We think ASCA will soon close a major refinancing that will reduce average borrowing cost and combined with the buyback, will be hugely accretive. P/E multiples anyone?
For the first time in years, a gaming stock is looking attractive on a P/E basis. That stock is ASCA and its earnings multiple on our 2012 estimate is only 9x. It also carries the highest free cash flow yield at over 20%. Sure, the huge free cash flow will go to paying down debt for a couple of years but longer term, the cash will flow to equity holders.
ASCA has a couple of near-term catalysts including improving regional gaming demand and a likely Q1 earnings beat. The company should also close a major refinancing in the next week or two that will substantially lower average cost of debt. The refinancing combined with the already announced buyback of stock from the Craig Nielsen Trust, should result in huge EPS and FCF per share accretion.
Our 2011 EPS estimate of $1.50 is substantially higher than the Street at $1.10, mostly as a result of the refinancing and share buyback. Other discrepancies may include no cash taxes this year, lower debt and the elimination of a significant amount of non-cash interest expense from the retirement of the swaps on July 19, 2010. Our EBITDA estimate is also higher by approximately $6 million.
Some analysts may have some of these factors reflected in their model. We do not believe any other analyst have the refinancing in their models. Per our math, despite the repurchase of 27 million shares, interest expense should not be that much higher. Average borrowing rate could go down 120 bps, almost offsetting the $360 million increase in average debt for 2011 as a result of the buyback. We think most analysts just assume a high yield raise and not a complete restructuring of the debt including a new credit facility.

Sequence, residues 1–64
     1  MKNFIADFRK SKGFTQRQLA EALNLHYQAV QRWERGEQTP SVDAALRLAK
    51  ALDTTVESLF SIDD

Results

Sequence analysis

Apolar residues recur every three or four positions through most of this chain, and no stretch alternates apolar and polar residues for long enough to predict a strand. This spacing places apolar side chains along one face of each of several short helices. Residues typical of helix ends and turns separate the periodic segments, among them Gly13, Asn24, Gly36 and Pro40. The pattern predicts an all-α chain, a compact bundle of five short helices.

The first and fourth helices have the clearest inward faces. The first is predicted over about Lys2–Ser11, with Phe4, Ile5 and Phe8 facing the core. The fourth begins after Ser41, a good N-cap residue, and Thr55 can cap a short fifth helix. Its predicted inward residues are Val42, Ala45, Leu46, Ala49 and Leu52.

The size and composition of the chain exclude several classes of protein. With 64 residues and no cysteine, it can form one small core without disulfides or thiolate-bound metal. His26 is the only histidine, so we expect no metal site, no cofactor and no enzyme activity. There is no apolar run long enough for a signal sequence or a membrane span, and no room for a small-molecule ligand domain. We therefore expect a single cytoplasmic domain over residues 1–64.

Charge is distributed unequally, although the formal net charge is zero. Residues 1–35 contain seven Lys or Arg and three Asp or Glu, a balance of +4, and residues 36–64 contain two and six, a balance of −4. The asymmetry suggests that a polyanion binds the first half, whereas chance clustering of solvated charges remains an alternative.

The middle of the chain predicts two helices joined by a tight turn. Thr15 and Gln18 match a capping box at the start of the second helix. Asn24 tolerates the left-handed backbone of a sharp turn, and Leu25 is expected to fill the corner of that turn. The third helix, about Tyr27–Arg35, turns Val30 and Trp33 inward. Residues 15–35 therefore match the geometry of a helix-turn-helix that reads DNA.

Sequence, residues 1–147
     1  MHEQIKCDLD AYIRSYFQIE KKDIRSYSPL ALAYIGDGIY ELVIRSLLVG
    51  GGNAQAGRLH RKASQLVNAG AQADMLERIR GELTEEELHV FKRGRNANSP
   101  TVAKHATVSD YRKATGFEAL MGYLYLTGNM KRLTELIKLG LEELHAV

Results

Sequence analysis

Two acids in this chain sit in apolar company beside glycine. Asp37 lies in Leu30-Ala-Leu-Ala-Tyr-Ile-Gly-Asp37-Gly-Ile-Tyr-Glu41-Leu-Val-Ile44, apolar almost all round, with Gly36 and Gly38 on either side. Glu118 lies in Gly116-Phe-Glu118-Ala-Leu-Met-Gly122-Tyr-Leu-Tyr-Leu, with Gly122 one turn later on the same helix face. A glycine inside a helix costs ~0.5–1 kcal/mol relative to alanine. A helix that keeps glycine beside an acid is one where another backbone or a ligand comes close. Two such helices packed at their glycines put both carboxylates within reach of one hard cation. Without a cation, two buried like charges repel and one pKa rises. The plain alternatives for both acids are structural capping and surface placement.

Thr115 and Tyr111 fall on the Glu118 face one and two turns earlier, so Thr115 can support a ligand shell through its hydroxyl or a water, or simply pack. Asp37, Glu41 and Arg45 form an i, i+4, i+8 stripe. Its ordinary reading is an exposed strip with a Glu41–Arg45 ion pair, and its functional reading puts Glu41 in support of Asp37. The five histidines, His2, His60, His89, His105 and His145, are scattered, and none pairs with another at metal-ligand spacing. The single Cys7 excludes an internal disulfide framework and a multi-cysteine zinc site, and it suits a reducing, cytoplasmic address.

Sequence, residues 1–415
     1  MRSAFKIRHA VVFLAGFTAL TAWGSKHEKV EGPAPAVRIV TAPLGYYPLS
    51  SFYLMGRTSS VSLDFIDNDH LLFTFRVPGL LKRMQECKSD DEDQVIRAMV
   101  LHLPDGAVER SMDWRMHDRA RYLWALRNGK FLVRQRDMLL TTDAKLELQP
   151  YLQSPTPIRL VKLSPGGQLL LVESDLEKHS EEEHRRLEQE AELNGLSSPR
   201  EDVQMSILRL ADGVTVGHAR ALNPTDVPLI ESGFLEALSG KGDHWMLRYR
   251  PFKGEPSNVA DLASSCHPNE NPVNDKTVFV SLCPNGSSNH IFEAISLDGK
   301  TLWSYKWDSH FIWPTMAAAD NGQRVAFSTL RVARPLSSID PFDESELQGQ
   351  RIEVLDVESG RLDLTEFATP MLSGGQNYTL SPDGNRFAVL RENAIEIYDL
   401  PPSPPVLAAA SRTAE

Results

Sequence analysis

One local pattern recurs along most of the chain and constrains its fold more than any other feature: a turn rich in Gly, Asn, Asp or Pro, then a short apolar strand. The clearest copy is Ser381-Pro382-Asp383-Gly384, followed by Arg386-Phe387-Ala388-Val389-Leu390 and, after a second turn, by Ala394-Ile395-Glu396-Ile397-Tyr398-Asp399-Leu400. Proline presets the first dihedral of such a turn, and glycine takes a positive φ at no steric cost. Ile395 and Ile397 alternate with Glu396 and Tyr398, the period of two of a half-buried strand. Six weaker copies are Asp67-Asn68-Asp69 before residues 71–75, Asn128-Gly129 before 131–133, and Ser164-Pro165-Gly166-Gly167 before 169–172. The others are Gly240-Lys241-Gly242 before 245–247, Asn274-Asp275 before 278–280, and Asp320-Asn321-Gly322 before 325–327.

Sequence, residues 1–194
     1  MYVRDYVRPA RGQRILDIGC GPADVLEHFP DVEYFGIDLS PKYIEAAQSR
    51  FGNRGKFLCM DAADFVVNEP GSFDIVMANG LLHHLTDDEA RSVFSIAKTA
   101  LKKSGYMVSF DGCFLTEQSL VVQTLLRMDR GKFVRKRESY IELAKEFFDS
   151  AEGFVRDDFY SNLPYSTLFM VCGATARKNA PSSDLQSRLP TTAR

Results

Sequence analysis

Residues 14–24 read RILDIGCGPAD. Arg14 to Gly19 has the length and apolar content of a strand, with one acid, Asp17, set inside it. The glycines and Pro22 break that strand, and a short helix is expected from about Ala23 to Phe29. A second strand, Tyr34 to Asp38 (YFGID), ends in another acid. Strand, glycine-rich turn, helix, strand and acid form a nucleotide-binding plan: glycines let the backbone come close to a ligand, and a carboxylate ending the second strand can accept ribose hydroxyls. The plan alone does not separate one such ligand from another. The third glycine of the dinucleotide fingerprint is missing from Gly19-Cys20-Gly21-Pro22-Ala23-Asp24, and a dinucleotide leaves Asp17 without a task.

In the years we’ve been covering ASCA, we’ve found that the best time to own it is when the FCF yield climbs over 20% and the company starts beating estimates. We believe we are in that scenario here ahead of the Q1 earnings release.
Below we provide brief commentary on today’s European data releases:
Ireland stress tests reveal that four banks need to raise €24 Billion in additional capital vs expectation of €27.5 Billion.
The breakdown of capital needs to cope with potential losses include:
Bank of Ireland €5.2bn
Irish Life & Permanent €4bn
Portugal’s debt (as a % of GDP) 8.6% in 2010 vs government expectations of 7.0-7.3%
Eurozone CPI 2.6% MAR Y/Y vs 2.4% FEB
Turkey Q4 GDP 9.2% Y/Y vs 5.2% [3.6% Q/Q vs 1.2%]
UK Nationwide House Prices 0.1% MAR Y/Y vs -0.1% FEB [0.5% MAR M/M vs 0.7% FEB]
Germany Retail Sales 1.1% FEB Y/Y vs 2.6% JAN [-0.3% FEB M/M vs 0.4%]
Germany Unemployment Rate 7.1% MAR vs 7.3% FEB
-Anecdotally, Volkswagen recently said it plans to create 50K new jobs, 6K of which in Germany. Robert Bosch (world’s biggest auto-parts maker) said it will add 9K graduates this year, 1.2K in Germany.
France Producer Prices 6.3% FEB Y/Y vs 5.6% [0.8% FEB M/M vs 0.9% JAN]
Spain Total Housing Permits -15% JAN M/M vs -0.4% DEC [4.0% JAN Y/Y vs -6.3%]
Italy PPI 5.7% FEB Y/Y vs 5.3% MAR [0.6% FEB M/M vs 1.2%]
Italy CPI 2.6% MAR P Y/Y vs 2.1% FEB
Greece Retail Sales -10.5% JAN Y/Y vs -13.5% DEC
Daily Trading Ranges is designed to help you understand where you’re buying and selling within the risk range and help you make better sales at the top end of the range and purchases at the low end.
R3: REQUIRED RETAIL READING
March 31, 2011
OUR TAKE ON OVERNIGHT NEWS
Prada File for IPO on Hong Kong Exchange - Prada SpA, the Italian maker of Miu Miu bags and Church’s shoes, submitted an application to the Hong Kong exchange to hold an initial public offering in the city by July, said two people familiar with the company. The planned sale may give the company a valuation of about $10.7 billion excluding debt, said one of the people, who declined to be identified because the matter is private. Prada made the IPO filing yesterday, the people said. Prada, based in Milan, follows European brand-name companies including L’Occitane International SA (973) in selling shares in Hong Kong, where IPOs reached a record last year. The city is a popular luxury-shopping destination for tourists from China, which allowed individual travel to Hong Kong in 2003. Intesa Sanpaolo SpA (ISP), Credit Agricole SA’s CLSA Asia-Pacific Markets, Goldman Sachs Group Inc. (GS) and UniCredit SpA (UCG) are managing the IPO. Sally Kwong, a Prada spokeswoman in Hong Kong, declined to comment. <Bloomberg>
Hedgeye Retail’s Take: Just days after posting record profits, the luxury retailer has finally filed its long awaited IPO papers in Hong Kong with aspirations to float this summer. While hardly a surprise, the papers are not definitive until the deal is complete. As you may recall, this process has been delayed on three separate occasions over the last 10-years.